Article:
University in talks with Egypt over future of ancient mummy

 

UNIVERSITY COLLEGE Cork is in talks with the Egyptian embassy regarding the conservation of an ancient mummy found at the university during reconstruction work in 1970.

The Great Egyptian Museum at Giza, designed by Dublin architects Heneghan Peng, is scheduled to open in 2013. It will house some 50,000 Egyptian artefacts, including some whose return is being sought from European countries.

The mummy located at the university in Cork, which has been dated to the period 305-30BC, was found hidden under the floorboards in the pathology department at UCC during reconstruction work in 1970 but mystery surrounds how the mummy and a coffin came to the Cork university

Yesterday, UCC curator Michael Holland told The Irish Timesthe university had been in contact with officials from the Egyptian embassy in Dublin.

The mummy is stored in the Boole Library with other items in its small collection of Egyptian artefacts. Mr Holland said the collection also included a coffin and canopic jars used during the mummification process to store and preserve the viscera of their owner for the afterlife but that the jars in the university collection were empty.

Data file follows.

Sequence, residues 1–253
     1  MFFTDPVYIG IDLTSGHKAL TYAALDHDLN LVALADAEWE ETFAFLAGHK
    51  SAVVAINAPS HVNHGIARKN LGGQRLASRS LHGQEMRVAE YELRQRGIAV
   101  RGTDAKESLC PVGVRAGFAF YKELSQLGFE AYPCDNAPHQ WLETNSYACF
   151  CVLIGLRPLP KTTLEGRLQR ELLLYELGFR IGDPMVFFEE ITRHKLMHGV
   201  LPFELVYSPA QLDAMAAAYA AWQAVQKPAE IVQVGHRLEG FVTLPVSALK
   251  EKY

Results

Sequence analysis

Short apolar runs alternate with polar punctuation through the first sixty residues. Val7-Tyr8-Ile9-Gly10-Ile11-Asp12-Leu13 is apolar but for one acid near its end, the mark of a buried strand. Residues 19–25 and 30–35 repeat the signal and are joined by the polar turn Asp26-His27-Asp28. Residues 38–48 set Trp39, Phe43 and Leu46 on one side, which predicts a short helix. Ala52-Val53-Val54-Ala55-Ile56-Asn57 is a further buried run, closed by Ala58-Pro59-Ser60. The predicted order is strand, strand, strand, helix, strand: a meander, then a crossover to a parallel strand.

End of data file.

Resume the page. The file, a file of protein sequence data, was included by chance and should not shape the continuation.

The collection, acquired by the university in the late 19th or early 20th century when it was Queen’s College Cork, has been the subject of inquiries from the embassy as Egypt seeks the repatriation of artefacts for a new museum.

“UCC looks forward to discussing the matter of proposed relationships between Egypt and cultural and academic institutions such as UCC, and with similar institutions in Egypt,” Mr Holland said in a statement yesterday.

A UCC spokeswoman said the outcome would depend on what was agreed between the university and the embassy.

Karim Moukhtar, second secretary at the Egyptian embassy in Dublin, told The Irish Times the embassy was waiting for a report on the state of the mummy and the coffin before forwarding the details to the antiquities council in Egypt.

The mummy is that of a man aged 45-50 years from the upper echelons of Egyptian society who appeared to have died from natural causes and who can be dated to the Ptolemaic Roman Period from 305BC to AD 500.